“There’s a fear of reprisal. A fear of speaking out,” says Clayton. “A lot of it has to do with the way we were brought up.”
But there’s been a shift since the 2000 treaty came into being, Clayton adds.
Clayton’s emphasizing better communication between the national Lisims government with Nisga’a citizens and more participation in decision making.
She’s zeroed in on the signing by the Nisga’a Lisims Government of a 2011 deal with BC Hydro allowing construction of the Northwest Transmission Line through the Lava Bed Memorial Park and through Nisga’a core lands.
“That’s still upsetting to our people. They never got to see any details and the leaders of the day didn’t see fit to have the people vote on the Northwest Transmission Line [agreement].”
Clayton cited the example of the Tahltan which did hold a vote on whether or not to accept a transmission line benefits agreement.
She said Nisga’a leaders may have claimed there was a gag order preventing them from discussing details, but that in itself showed a lack of faith in being able to trust Nisga’a citizens.
“I would review the Northwest Transmission Line agreement and report my findings to the people,” said Clayton.
H. Mitchell Stevens
IN office for just two years since his byelection win of 2010, incumbent H. Mitchell Stevens is from Laxgalts’ap (Greenville).
He has the Nisga’a name of Sim’oogit K’aw’een, from the Laxgibuu (wolf) tribe of the House of Duuk’.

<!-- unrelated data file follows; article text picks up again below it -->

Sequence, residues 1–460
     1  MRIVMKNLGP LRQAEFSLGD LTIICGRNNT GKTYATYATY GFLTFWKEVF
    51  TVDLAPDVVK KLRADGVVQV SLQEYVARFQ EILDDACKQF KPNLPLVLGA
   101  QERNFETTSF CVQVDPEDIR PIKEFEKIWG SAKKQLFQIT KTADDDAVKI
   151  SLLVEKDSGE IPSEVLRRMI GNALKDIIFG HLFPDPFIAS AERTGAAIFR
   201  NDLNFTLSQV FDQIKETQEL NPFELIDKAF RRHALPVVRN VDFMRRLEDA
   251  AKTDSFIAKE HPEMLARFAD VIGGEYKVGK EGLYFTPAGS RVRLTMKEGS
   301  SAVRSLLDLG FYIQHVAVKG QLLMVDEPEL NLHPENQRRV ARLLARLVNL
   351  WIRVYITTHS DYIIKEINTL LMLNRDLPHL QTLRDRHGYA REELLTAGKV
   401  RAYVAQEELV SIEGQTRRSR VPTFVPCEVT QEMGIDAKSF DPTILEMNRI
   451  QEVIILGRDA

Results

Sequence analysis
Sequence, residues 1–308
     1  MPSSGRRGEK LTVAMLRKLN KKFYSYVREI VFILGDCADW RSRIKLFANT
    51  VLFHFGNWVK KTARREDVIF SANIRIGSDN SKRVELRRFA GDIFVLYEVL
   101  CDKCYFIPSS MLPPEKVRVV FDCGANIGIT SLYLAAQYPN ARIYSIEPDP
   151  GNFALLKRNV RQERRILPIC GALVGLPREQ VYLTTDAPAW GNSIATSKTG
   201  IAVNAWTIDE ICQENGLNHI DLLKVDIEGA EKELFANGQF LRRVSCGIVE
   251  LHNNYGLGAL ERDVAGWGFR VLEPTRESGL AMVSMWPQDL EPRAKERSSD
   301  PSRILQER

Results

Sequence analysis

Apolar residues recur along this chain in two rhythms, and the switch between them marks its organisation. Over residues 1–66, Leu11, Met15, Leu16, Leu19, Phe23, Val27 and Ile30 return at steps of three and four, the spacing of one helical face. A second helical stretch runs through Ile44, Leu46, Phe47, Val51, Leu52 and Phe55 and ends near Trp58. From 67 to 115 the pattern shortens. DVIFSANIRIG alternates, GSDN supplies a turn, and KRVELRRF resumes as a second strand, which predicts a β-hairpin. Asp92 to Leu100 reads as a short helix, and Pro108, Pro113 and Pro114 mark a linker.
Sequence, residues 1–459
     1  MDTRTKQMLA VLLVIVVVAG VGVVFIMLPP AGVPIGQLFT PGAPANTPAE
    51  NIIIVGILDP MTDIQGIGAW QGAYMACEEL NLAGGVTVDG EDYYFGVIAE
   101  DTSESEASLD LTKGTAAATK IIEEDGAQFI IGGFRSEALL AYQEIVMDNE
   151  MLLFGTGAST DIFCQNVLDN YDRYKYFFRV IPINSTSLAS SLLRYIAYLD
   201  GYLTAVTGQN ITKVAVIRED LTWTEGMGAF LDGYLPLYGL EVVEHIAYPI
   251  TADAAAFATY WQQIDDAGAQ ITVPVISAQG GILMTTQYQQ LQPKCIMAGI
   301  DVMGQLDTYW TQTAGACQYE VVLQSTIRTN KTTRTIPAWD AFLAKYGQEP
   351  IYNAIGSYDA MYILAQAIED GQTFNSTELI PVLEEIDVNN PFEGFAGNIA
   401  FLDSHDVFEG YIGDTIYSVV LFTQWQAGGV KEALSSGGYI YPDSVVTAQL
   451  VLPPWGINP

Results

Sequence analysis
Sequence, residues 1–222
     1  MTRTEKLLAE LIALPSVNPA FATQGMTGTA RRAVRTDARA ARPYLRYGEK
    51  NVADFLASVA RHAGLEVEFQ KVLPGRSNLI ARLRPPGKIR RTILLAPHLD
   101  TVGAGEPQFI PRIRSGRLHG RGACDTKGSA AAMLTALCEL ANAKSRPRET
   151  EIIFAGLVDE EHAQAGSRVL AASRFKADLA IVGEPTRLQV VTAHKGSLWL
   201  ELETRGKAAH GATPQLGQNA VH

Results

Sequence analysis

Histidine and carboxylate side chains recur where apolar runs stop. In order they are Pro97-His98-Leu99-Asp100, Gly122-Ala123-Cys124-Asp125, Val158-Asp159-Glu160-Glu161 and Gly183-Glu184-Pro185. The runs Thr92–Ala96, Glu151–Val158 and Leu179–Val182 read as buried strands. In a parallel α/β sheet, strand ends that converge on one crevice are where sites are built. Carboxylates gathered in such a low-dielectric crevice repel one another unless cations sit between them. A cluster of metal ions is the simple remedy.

Stevens is 57, making him by a close margin over Eva Clayton, the oldest of the three presidential candidates.
His 2010 byelection came from a political background of spending 20 years as a Laxgalts’ap village government councillor.
“I felt at the time I was the most able capable person of carrying out the task and I would be hitting the ground running and not be a hindrance to the nation of moving forward,” said Stevens.
He said he’s been happy with the progress of the past two years, saying the work falls within the intent and purpose of the 2000 final agreement.
But he does acknowledge growing calls for evidence of progress on the economic development.
In particular, Nisga’a citizens are tracking Avanti, which has a molybdenum property at Kitsault, and Seabridge, which has a gold property. Both are within Nisga’a traditional territory and both are willing to sign economic development agreements with the Lisims government.
And just recently natural gas pipeline companies have been knocking on the door, looking for approval for routes to the ocean to connect to planned liquefied natural gas terminals.
But Stevens counsels caution, saying Avanti is still in the provincial environmental assessment phase and Seabridge has yet to submit its project for examination.
And it would be wrong, when neither has had environmental approval, to provide an endorsement, he continued.
“But as a government we’re obligated to speak to all parties,” said Stevens. “We’re quite aware of all the developments in the area and we have to be involved.”
He does say the nation needs to move from a service-based economy to a market economy.
“You can’t have an economic base without industry. These things are coming,” says Stevens. But he does add that ultimately industrial projects depend upon the confidence companies have of investing in the overall economy and on the state of the markets for the products they wish to produce.
“We can’t speculate on what the corporate giants might do. What will be the province’s economic outlook for the next 10 years?” Stevens asks.